In April 2013 a new five-year lease for the Newmarket premises was signed. However, the possibility of the Co-op buying its own alternate premises has been under active exploration since 2011 and this option continues to be provided for by a break-clause in the lease.


The vast majority of pre-packed food the Co-op sells is organic and particular emphasis is placed on Fair Trade and environmentally-friendly produce. During Saturday trading (09:30 to 16:30), stallholders extend the dry goods range to include organic vegetables and fruits, organic cheeses, eggs and dairy, organic wine, baked goods, organic clothing, books and other non-food items.[4] The Co-op also opens on Thursdays and Fridays with more limited availability of fresh produce. In addition, the Co-op offers its dry goods range for sale on Sundays.

The number of member-shareholders of the Society at the end of 2012 was recorded by the annual accounts at 876.[13] Members receive a 5% discount on purchases, which increases to 15% if they also volunteer on a rota system to assist with tasks such as shelf stacking.[14]

Since securing its own permanent space and making it available for hire, the Co-op has become home to regular events including the monthly Dublin Flea Market,[15] Fusion Market [16] and Newmarket Brocante, plus the annual Independents Day.[17][18]

Operating Model[edit]

A 2009 academic study described Dublin Food Co-op as "distinctive on the Irish scene" because of its organisational structure.[1] At that time, it was one of only two Irish wholefood retailers established as co-operatives and the only one to take the form of a consumers' co-operative (the other, the Quay Co-operative in Cork, was organised as a workers' co-operative).

The study also argued that the Co-op had "a different pricing structure to conventional businesses, only adding the margin needed to cover its operating expenses".[1]


  1. ^ a b c d e Murtagh, Aisling and Ward, Prof. Michael Food Democracy in Practice: a case study of the Dublin Food Co-op Journal of Co-operative Studies, Volume 42, Number 1, April 2009, pp. 13-22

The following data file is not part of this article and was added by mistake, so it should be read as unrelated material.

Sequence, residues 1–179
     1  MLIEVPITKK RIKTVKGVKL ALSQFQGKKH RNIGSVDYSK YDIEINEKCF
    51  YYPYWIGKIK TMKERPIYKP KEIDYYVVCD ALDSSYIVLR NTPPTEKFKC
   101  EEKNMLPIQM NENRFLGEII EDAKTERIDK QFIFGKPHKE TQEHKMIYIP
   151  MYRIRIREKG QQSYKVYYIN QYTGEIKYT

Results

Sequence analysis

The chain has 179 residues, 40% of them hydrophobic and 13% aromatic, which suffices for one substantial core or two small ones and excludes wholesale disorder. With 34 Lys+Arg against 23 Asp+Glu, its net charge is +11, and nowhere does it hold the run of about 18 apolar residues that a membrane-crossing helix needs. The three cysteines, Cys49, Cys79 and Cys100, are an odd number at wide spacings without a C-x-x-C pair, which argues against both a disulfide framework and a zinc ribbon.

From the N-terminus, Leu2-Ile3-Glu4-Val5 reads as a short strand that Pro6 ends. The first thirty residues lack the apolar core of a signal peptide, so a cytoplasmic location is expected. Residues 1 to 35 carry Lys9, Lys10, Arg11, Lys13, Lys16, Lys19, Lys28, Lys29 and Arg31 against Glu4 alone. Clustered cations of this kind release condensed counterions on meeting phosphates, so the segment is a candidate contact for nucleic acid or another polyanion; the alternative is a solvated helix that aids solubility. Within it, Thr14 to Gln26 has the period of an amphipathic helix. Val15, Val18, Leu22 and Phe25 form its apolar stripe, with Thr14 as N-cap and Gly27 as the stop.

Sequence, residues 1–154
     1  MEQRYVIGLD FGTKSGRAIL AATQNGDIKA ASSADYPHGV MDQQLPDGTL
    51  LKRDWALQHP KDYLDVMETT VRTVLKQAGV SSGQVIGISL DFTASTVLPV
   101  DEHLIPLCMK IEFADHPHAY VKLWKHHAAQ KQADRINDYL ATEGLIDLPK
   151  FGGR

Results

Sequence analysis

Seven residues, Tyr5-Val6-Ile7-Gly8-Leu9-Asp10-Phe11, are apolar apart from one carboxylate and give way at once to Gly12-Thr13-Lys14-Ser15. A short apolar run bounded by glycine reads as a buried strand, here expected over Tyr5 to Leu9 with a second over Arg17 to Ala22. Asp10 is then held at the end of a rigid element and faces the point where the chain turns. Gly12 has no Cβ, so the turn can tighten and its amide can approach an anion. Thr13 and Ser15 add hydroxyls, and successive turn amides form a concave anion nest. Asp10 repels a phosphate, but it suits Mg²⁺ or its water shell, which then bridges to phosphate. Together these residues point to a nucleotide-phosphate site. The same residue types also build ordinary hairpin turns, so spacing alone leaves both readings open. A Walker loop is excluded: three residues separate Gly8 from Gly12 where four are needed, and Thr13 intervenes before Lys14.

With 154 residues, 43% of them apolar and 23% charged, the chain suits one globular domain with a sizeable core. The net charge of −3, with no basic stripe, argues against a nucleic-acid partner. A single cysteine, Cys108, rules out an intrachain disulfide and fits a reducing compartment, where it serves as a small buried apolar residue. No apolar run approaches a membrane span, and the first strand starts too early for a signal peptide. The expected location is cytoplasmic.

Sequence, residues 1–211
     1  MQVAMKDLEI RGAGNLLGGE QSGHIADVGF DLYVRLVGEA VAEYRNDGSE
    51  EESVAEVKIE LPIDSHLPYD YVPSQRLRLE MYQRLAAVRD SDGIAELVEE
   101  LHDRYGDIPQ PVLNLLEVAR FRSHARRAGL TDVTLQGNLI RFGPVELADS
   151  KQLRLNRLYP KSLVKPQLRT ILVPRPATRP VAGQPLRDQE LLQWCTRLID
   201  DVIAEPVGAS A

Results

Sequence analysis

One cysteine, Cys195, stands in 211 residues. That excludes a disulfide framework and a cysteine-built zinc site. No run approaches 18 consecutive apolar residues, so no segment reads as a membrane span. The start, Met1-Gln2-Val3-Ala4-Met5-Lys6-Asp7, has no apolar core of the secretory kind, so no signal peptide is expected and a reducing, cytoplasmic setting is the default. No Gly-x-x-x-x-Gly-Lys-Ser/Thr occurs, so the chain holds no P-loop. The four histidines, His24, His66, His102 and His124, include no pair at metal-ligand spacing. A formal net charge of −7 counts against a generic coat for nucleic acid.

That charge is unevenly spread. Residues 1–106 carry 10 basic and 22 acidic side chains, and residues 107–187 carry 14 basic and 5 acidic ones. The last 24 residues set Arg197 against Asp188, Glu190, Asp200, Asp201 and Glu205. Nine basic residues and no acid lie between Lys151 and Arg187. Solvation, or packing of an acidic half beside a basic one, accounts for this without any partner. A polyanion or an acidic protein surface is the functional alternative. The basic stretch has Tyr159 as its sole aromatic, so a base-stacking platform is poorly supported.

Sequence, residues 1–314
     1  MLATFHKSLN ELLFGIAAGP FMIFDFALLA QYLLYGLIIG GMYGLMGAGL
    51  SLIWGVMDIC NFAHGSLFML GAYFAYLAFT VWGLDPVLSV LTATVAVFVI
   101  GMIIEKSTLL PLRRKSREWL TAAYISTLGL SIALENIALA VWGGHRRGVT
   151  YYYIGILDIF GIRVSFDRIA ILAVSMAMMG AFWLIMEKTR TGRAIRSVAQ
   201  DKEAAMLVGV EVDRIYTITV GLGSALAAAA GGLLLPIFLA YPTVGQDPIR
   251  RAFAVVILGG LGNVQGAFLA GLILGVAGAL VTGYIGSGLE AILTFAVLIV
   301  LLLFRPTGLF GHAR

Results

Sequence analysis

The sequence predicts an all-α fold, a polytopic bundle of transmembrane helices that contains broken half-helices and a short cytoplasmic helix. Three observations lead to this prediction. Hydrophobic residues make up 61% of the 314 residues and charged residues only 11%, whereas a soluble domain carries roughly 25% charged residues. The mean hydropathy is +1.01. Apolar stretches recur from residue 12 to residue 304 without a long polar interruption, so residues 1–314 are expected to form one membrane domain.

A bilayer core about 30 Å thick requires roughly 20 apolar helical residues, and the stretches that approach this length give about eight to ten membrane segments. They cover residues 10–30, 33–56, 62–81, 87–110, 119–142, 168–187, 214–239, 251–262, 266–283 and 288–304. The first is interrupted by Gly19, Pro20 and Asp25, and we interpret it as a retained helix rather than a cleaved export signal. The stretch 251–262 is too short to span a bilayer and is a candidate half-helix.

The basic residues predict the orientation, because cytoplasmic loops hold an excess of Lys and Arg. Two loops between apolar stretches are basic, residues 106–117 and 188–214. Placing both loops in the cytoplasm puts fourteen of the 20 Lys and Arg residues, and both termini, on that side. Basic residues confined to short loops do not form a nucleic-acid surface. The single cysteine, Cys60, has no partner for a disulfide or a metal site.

2. ^ Carswell, Vanessa. Bite size: Farm fresh Archived 25 August 2008 at the Wayback Machine. Sunday Business Post, 27 October 2007
  3. ^ a b c d Douthwaite, Richard (1996). Short Circuit: Strengthening Local Economics for Security in an Unstable World. Dublin: Lilliput Press. ISBN 1-874675-60-0. 
  4. ^ a b McFadden, Angela. New Phase for Dublin's Food Co-op. Archived 2 December 2008 at the Wayback Machine. The Epoch Times. 23 July 2007.
  5. ^ "Dublin Food Co-op: A Critique - DFC History". Retrieved 2014-01-08. 
  6. ^ Dublin Food Co-op website ref. About Us
  7. ^ "Dublin Food Co-op Newsletter, October 2005" (PDF). Retrieved 2011-08-28. 
  8. ^ "Dublin Food Co-op Newsletter, February/March 2007" (PDF). Retrieved 2011-08-28. 
  9. ^ Morris, Stephanie. Saturday morning cure at the Natural Foods Market Archived 18 November 2007 at the Wayback Machine. NewsFour, October 2007
  10. ^ Mooney , Sinead. Food Shorts: New home for food co-op The Irish Times., 7 July 2007
  11. ^ "Dublin Food Co-op Newsletter, October 2007" (PDF). Retrieved 2013-04-23. 
  12. ^ Kelly, Michael. What's going on The Irish Times, 20 October 2007
  13. ^ "Dublin Food Co-op: A Critique - DFC Finance (2012 Accounts)" (PDF). Retrieved 2014-01-08. 
  14. ^ Dublin Food Co-op website. ref. Join.
  15. ^ Dublin Flea Market website.
  16. ^ "New market comes to Newmarket". Irish Times. 2012-05-05. Retrieved 2012-06-20. 
  17. ^ Independents Day Blog
  18. ^ Carroll, Jim. Etc. The Irish Times, 5 December 2008

External links[edit]

Coordinates: 53°20′16.56″N 6°16′36.96″W / 53.3379333°N 6.2769333°W / 53.3379333; -6.2769333